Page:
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The Issue of Gender in Genre Fiction:
The Math Behind it All

Editor’s Note: Knowing that some people will be curious about the math behind Susan’s piece, we asked her to provide something a bit more technical for those more mathematically inclined among us.

Key Points for Understanding

  • Publications refers to prose fiction published by a market, including reprints and solicited stories.
  • Each publication is treated separately. Three publications by one market of stories by one author count as three separate data points for that category.
  • Dual-authored stories by a man-woman team are considered as half a data point for each category.
  • Serials are treated as follows:
    • Each installment is a separate data point for publications.
    • The series as a whole is one data point for acceptances.
  • Not all markets provided full data in all categories, which meant they had to be excluded from some analyses, or have their data transformed. This is not ideal, but such cases are marked.
  • No market in this study asks for authors to identify their gender when submitting. As such, this is not actually a study of science fiction publication and submission gender. Rather, it is a study of the apparent gender of submission authors based on:
    • Use of gender-associated first names
    • Use of gendered pronouns in public biographies
    • Public information about gender identity
  • The definition of “science fiction” is not easy. While some markets kept detailed data on science fiction vs. science fiction/fantasy vs. slipstream, most did not. As such, all such categories were considered as “science fiction.”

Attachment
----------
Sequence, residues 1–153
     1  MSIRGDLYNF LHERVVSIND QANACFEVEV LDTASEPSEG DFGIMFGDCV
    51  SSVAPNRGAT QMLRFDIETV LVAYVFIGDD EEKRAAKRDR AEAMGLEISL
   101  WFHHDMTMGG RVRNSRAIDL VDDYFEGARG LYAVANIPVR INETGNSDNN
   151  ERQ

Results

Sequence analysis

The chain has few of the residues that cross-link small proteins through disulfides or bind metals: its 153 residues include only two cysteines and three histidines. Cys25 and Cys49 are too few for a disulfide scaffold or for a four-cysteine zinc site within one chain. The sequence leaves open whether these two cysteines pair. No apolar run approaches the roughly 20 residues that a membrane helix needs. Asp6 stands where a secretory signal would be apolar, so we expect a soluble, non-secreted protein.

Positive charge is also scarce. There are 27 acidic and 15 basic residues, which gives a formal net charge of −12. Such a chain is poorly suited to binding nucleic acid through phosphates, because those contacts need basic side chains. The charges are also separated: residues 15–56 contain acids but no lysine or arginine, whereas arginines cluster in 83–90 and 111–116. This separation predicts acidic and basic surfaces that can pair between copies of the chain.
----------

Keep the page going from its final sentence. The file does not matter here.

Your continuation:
• Specific notes on individual markets regarding publications:
    • Lightspeed operates a policy of gender parity in publications.
    • Buzzy Mag operates as a continuous publication, with publications here those with a published date of 2013.
    • The F&SF Special Issue has not yet been published.
Market Time Period Data Verified by Editor Genre
AE Year 2013 Yes Science fiction only
Analog June 2013—May 2014 Yes Science fiction only
Apex Year 2013 No Mixed genre
Asimov’s Year 2013 Yes Mixed genre
Bull Spec Year 2013 Yes Mixed genre
Buzzy Mag Year 2013 Yes Mixed genre
Clarkesworld Year 7 (October 2012-September 2013) Yes Mixed genre
Daily Science Fiction Year 2013 Yes Mixed genre
Escape Pod Year 2013 Yes Science fiction-only
F&SF Year 2013 No Mixed genre
F&SF Special Issue July/August Special Issue Yes Mixed genre
Flash Fiction Online Year 2013 Yes Mixed genre
IGMS Year 2013 Yes Mixed genre
Lightspeed Year 2013 Yes Mixed genre
Nature Year 2013 Yes Science fiction only
Strange Horizons Year 2013 Yes Mixed genre